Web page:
Exception to South Carolina law allows uncertified cops to make arrests, carry gun

what happens when one of them kills an unharmed black man

CHARLESTON, S.C. (WCBD) – A South Carolina law allows uncertified police officers to work for departments across the state for up to a year while they are waiting to get into the Criminal Justice Academy. A law, that some believe is a threat to both officers and the public.

Officials say it’s time to consider changing the law in South Carolina. The law has an exception which allows police officers to patrol neighborhoods, make arrests and carry guns all before completing formal training at the state level.

The minimum requirement for certified police officers in South Carolina is 4 weeks of field training, 8 weeks of classroom training and two written tests. Jackie Swindler, former police chief turned Director of the South Carolina Criminal Justice Academy says officers need to complete formal training before hitting the streets.

“I will say that I was a chief of police for an agency for 21 years before I came to work for the state and I did not work anyone during that tenure as chief that was not certified,” says Swindler. “I believe that you really need to prepare people.”

Swindler says the academy implemented the current training format in 2019 cutting wait times to get into the academy from months to under 14 days. He says some departments offer their own training in addition to the state required training.

“Agencies could do that much training or even more without putting the people out to work,” says Swindler. “But of course there are still some agencies that work them for some months before they even attempt to start them into the training.”

Swindler says there’s no way of knowing how many uncertified officers are working across the state but says some could be completing training through their department.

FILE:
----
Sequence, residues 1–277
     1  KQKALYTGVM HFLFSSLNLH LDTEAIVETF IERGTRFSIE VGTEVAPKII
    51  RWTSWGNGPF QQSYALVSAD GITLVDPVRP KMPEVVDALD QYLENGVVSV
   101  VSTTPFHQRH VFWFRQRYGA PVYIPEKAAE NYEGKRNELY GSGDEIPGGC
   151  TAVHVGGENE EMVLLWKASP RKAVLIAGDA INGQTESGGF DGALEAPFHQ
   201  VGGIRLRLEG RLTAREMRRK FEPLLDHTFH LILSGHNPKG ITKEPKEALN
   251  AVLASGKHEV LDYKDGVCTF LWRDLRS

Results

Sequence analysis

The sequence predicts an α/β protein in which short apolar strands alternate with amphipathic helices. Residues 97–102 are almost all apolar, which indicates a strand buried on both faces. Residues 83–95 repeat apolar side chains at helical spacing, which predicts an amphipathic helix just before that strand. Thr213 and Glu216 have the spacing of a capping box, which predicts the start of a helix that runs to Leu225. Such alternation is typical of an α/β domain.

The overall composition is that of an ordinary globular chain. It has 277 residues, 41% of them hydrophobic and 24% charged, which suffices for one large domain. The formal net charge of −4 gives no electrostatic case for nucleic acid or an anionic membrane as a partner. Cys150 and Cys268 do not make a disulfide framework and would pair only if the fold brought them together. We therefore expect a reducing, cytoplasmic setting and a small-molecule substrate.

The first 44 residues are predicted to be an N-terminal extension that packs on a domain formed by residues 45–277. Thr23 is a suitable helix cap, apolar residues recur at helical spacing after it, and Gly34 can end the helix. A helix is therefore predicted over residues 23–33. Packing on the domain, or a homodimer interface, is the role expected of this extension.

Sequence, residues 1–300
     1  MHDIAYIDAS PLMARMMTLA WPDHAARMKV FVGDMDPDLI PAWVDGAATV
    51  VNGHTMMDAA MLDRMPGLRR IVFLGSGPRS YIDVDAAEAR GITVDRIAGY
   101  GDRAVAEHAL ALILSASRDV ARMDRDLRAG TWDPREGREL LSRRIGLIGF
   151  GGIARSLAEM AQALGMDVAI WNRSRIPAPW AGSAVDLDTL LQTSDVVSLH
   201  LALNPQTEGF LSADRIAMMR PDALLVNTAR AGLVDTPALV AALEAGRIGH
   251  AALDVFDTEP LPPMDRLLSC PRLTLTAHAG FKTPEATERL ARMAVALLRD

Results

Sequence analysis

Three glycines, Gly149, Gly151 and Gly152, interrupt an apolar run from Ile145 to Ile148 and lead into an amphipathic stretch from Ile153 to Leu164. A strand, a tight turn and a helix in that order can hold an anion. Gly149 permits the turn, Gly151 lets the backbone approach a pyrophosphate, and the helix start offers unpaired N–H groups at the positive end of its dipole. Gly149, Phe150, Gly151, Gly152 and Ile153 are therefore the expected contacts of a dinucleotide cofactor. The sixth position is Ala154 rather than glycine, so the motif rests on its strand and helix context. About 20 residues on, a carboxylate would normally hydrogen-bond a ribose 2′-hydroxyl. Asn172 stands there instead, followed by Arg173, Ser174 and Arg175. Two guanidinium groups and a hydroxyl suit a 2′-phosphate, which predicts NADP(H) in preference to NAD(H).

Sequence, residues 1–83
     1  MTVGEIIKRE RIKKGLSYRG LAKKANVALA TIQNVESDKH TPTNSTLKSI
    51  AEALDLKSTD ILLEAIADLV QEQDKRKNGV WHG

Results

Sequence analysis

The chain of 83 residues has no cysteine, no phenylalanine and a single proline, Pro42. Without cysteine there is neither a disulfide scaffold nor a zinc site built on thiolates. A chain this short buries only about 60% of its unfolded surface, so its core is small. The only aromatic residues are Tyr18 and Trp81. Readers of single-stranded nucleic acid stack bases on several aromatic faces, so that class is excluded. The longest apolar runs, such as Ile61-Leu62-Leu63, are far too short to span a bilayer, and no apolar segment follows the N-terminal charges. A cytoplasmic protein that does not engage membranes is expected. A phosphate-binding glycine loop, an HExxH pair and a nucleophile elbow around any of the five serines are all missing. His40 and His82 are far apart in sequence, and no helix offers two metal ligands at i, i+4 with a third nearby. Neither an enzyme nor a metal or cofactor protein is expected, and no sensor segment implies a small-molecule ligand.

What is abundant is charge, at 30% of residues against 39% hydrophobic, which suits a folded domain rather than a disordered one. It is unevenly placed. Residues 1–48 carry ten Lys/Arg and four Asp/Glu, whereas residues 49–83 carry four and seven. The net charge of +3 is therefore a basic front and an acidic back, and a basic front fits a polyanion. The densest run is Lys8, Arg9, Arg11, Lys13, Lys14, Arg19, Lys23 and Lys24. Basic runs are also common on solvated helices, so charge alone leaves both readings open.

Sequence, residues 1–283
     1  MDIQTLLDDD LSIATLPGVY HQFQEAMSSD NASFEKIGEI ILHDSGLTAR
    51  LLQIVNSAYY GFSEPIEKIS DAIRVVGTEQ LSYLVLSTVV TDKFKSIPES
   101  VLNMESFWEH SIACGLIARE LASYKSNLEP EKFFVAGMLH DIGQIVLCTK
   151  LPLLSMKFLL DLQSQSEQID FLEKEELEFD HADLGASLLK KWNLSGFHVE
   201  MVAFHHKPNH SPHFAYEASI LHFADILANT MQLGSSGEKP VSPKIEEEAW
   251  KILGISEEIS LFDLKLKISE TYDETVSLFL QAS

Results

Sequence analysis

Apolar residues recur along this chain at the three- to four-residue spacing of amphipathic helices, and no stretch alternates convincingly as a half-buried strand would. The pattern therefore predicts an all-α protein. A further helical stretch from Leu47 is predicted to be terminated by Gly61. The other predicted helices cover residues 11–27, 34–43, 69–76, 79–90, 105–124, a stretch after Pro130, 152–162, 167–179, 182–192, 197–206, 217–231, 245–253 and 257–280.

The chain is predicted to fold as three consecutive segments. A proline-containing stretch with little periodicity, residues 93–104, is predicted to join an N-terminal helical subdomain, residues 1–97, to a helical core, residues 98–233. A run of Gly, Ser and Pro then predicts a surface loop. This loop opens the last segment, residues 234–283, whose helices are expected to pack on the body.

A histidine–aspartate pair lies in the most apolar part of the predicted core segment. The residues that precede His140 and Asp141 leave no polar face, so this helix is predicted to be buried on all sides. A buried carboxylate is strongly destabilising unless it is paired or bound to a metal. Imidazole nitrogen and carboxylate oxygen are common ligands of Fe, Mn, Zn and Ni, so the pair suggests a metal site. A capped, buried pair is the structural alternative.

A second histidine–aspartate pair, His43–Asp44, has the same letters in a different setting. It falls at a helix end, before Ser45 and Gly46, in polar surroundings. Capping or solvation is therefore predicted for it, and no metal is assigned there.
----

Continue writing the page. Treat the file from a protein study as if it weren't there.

“I really don’t have a way of knowing that, they register with us so we know they are out there,” says Swindler.

Former South Carolina Attorney General Charlie Condon says the law is driven by several things including short staffed police departments.

“It’s been an issue in South Carolina really for decades, as far as I can remember and it’s driven by lack of resources,” says Condon.

Condon believes changing the law requiring officers to be certified before hitting the streets would take little work.

“I think this sort of proposal where you simply require certification before working as an officer, I would think would get broad bipartisan support,” says Condon.

The law has been on the books for at least 45 years according to Swindler. Both say now would be the opportune time to change the law.

Chiraq: At least 7 killed, 48 wounded in Chicago’s most violent weekend this year, West Side bears brunt of the violence

Chicago’s most violent weekend this year began Friday evening when a 5-year-old boy was shot in the leg while sitting in a car as adults around him argued.